The American Psychiatric Association meeting in New Orleans

Last year I was protesting the American Psychiatric Association convention held at the Moscone Center in San Francisco just outside of that center. This year the annual event was held in New Orleans where I would have liked to have done the same thing if possible. Unfortunately, it didn’t prove possible. Someone did attend (Oh, darn!), and someone was protesting, too (Yippee!).

With PB oil rushing in just off the coast, these pharmaceutical company puppets couldn’t claim to be the baddest boys in town, this time.

Martha Rosenberg was there, and she covered the event for Counter Punch in an article called Meeting the drug industry.

It was 95 degrees with 99 percent humidity. The Gulf had the biggest oil spill in US history. And attendees to last week’s American Psychiatric Convention (APA) annual meeting in New Orleans had to brave 200 protestors chanting “no drugging kids for money” and “no conflicts of interest” to get into the convention hall.

I’m pretty sure the 200 or so protestors mentioned here were connected with the Citizens Commision on Human Rights (CCHR), a human rights organization with close ties to the Church of Scientology. They held a protest in 2009, too, accompanied across the way by a small number of counter protestors. I remember seeing busload after busload of people arrive who took part in this march and rally. Our affair was much more modest number wise. We were the ex-patient psychiatric survivors, and our event took place the following day.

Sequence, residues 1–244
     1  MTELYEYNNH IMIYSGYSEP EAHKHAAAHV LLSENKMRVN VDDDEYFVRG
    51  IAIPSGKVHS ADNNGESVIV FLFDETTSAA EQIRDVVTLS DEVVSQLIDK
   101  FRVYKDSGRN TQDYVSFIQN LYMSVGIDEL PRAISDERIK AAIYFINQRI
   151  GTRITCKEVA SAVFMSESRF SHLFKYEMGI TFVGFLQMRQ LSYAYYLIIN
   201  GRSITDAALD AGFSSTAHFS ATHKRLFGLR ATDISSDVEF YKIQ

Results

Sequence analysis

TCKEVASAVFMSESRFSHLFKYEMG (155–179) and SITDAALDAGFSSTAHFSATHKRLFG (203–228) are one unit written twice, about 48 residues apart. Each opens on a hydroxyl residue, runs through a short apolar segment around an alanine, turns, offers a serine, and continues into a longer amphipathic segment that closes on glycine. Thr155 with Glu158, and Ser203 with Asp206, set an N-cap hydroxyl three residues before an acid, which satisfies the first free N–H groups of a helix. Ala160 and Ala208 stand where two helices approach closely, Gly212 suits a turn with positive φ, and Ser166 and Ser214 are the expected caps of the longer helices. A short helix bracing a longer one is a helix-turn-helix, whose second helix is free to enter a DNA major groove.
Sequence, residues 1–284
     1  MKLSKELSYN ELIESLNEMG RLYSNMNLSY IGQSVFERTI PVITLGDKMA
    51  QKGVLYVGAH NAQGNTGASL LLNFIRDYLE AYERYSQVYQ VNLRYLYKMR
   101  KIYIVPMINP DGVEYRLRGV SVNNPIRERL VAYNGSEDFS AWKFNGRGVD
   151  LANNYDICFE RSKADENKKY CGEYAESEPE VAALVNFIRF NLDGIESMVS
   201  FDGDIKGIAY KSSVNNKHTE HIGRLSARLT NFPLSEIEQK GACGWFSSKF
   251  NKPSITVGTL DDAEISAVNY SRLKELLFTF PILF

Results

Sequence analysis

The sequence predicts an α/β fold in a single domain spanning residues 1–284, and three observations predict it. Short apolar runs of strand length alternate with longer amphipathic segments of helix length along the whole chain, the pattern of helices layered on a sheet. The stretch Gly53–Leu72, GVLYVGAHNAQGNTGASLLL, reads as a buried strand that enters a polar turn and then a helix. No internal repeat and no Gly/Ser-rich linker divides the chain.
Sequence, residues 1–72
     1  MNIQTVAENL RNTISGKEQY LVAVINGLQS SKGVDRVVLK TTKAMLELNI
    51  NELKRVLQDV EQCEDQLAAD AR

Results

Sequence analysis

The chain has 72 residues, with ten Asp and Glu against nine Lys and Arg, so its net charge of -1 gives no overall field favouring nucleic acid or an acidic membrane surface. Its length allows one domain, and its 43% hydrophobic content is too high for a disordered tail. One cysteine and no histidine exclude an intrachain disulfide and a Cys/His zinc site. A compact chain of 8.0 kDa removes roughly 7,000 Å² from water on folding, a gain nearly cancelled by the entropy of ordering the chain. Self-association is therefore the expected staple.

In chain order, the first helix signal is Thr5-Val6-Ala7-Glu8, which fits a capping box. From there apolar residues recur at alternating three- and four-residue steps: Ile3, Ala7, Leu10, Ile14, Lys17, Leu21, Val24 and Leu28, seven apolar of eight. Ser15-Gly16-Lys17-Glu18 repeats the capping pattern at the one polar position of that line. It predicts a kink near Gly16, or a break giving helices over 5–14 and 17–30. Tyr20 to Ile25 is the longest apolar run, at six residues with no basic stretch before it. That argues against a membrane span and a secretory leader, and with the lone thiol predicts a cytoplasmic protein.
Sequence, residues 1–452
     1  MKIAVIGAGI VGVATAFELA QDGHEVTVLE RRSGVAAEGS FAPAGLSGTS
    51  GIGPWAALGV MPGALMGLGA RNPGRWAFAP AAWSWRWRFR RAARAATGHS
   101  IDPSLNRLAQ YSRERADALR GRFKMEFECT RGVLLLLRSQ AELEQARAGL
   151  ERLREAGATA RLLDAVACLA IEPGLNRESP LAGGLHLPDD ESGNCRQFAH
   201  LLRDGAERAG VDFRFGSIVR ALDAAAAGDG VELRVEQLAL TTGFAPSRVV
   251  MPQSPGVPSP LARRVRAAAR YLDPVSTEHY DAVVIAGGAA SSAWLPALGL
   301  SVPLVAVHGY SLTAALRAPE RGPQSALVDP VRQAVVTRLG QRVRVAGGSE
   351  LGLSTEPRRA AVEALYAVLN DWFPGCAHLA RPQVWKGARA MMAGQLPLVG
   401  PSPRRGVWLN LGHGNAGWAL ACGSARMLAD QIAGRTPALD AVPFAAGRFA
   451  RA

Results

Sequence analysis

Overt conflicts of interest and drug company influence were suppressed to a greater degree at this years event than they had been at previous APA meetings.

“They used to wine us and dine us,” said one participant, a veteran of decades of annual meetings, ruefully.

“An SSRI maker flew my entire group to a Caribbean island,” remembered a doctor from the East coast who did not want to be identified. Anymore.

This account ends with the report of a study done at Maimonides Medical Center in New York, taking a look at polypharmacy, and finding it damaging. We could have told them that.

When 24 patients on polypharmacy combinations of Seroquel, Zyprexa and other antipsychotics were reduced to only one drug — monotherapy — there was no worsening of symptoms or increased hospitalizations in 23. Not only did patients not deteriorate, their waist circumferences and triglycerides improved, say the researchers as drug interactions, side effects and, of course, cost of treatment declined.

Now if only these guys could do something about monopharmacy. I don’t see it though. I just see more selling of “mental illness” labels and the zombifying drugs that go along with those labels.

I hear there’s going to be another big bash of this sort in 2012 in Philadelphia. I’ve also heard there are going to be protesters at this upcoming APA meeting as well. If so, the hounds of hell couldn’t keep me away. I will carry a sign, and I will do my part to drive our message home to the nation at large. Psychiatric drugs are no way to treat people and other living creatures.

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